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I think your points are well taken. A bad design of a good concept is ultimately a bad design and a bad concept, as executed.

I am guessing that Outside is suggesting models that are executed in the Netherlands. They would never (maybe there are exceptions) hide a bike lane behind park cars that led into an intersection. Definitely when the bike lane crossed an intersection, the cyclist and the motorist would be controlled by their own traffic signal to eliminate confusion of right-of-way. Perhaps in the USA, cyclists or motorists would not accept a different signal. We are able to do it for left turns, for example.

Developing the bicycle traffic light infrastructure will likely remain on a limited basis in most USA cities for a long time as will exclusive bike lanes. The way it works in the Netherlands is terrific and in my mind a goal for us. I am hoping Buttigieg, who has visited there begins to target grant opportunities with that in mind.
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Old 03-17-21, 05:50 PM
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Originally Posted by debade View Post
A bad design of a good concept is
It's actually the concept which is broken

Definitely when the bike lane crossed an intersection, the cyclist and the motorist would be controlled by their own traffic signal to eliminate confusion of right-of-way.
This is simply unworkable - for the cyclists, every bit as much as the drivers.

Go take a look at how closely spaced the intersections on first and second avenue are; then note that most cyclists aren't willing to honor even the red lights for cross traffic (nevermind those you'd add to reserve time for turning traffic) because if they did, biking would scarcely have any speed advantage over walking, despite its much greater complications.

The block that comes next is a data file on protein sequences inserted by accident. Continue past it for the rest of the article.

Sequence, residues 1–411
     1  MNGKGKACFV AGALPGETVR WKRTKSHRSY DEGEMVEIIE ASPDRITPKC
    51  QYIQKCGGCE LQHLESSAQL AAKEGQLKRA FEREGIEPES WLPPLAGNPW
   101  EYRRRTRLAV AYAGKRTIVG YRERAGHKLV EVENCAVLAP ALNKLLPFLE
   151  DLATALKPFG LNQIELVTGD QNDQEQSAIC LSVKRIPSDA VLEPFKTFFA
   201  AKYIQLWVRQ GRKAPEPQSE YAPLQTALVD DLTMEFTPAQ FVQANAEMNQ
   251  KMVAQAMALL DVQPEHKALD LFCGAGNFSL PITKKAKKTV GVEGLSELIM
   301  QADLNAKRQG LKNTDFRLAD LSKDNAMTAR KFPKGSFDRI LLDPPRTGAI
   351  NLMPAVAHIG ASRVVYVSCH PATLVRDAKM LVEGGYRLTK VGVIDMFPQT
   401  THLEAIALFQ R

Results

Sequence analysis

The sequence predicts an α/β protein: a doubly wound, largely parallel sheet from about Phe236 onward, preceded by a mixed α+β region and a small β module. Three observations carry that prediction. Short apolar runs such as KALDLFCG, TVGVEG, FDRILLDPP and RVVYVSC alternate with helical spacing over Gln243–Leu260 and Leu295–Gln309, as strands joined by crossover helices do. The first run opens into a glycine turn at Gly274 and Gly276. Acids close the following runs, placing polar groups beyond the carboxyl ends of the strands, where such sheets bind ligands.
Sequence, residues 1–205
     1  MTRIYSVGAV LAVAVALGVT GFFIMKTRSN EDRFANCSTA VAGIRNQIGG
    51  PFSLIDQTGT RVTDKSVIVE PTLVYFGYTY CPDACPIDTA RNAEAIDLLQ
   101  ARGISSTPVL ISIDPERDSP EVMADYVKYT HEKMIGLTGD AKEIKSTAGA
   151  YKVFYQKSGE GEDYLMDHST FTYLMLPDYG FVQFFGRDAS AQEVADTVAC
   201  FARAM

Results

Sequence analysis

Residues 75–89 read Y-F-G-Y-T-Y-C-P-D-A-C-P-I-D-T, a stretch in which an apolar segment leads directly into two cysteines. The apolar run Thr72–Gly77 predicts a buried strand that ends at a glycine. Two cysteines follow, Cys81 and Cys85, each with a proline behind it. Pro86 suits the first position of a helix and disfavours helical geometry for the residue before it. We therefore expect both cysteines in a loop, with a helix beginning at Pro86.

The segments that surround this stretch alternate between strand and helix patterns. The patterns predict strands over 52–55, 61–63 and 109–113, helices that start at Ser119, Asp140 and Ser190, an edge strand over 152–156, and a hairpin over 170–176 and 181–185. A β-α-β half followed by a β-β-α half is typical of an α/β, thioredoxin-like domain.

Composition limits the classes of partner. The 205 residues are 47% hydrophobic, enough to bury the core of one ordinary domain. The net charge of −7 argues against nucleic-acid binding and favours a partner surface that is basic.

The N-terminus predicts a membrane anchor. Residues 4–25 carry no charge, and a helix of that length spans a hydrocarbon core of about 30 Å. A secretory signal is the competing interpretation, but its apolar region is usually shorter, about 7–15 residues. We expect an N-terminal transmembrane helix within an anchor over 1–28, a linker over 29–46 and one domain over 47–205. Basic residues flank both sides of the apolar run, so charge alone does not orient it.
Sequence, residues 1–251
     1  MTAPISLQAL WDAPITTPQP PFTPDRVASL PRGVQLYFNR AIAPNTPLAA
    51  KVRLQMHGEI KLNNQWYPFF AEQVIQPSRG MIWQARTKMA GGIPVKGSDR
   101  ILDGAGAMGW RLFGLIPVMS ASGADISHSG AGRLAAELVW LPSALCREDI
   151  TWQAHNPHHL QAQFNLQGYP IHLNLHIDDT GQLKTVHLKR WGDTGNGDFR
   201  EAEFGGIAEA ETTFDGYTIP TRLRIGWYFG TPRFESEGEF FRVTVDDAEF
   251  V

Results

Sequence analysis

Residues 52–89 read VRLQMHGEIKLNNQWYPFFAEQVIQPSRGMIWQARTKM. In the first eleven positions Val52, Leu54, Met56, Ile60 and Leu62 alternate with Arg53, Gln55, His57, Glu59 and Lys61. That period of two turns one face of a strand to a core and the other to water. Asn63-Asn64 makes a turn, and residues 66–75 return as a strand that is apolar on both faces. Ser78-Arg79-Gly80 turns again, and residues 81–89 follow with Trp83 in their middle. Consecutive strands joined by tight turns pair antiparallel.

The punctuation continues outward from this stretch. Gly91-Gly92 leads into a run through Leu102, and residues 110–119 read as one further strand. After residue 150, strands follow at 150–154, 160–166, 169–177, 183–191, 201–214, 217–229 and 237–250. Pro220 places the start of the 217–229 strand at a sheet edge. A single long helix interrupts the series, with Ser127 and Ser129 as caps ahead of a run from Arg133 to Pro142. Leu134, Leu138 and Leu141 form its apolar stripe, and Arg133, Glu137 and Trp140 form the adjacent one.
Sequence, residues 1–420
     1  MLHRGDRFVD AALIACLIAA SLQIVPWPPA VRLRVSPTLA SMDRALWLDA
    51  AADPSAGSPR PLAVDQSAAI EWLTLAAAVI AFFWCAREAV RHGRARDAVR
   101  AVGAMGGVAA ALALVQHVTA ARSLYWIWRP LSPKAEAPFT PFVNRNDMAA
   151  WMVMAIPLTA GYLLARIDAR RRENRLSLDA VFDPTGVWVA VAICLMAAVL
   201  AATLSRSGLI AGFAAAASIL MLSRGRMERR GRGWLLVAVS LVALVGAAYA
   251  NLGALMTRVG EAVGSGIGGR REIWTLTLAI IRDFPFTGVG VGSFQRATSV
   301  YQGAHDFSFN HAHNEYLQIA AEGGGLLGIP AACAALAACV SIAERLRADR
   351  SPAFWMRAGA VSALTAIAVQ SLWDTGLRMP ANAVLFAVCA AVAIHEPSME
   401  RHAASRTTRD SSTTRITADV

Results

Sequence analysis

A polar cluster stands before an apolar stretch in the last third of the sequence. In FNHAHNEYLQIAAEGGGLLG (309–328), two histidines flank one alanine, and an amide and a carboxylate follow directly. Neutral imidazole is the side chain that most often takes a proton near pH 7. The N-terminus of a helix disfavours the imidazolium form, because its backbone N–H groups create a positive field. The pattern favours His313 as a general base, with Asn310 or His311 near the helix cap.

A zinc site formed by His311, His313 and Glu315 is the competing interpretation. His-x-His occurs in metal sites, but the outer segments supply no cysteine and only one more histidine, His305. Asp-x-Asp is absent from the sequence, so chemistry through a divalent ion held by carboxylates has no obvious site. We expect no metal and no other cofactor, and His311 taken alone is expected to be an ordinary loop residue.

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Old 03-17-21, 06:17 PM
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bicycles best operate on a situational basis and all attempts to apply auto rules to bikes wind up being rarely followed by bicyclers and tepidly enforced by enforcers ... bicyclist's safety is up to the bicyclist because being in the right AND being dead or injured is being wronged
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Old 04-10-21, 01:14 PM
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Sometimes you have to question the underlying assumptions.
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Old 04-10-21, 01:23 PM
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Here are the Toronto 2020 road fatalities in comparison with the average from 2001 to 2019.

Overall: 27% decrease (40 vs 54)
Pedestrian: 36% decrease (21 vs 33)
Drivers: 53.8% decrease (7 vs 15)
Motorcycle: increase (8 vs 4)
Cyclists: increase (4 vs 2)

Go ahead, draw your own conclusions.

The only thing I'm going to say is that like most major cities around the world, motor vehicle usage in Toronto has gone down and bicycling has gone up. I suppose some people will argue against that assumption too.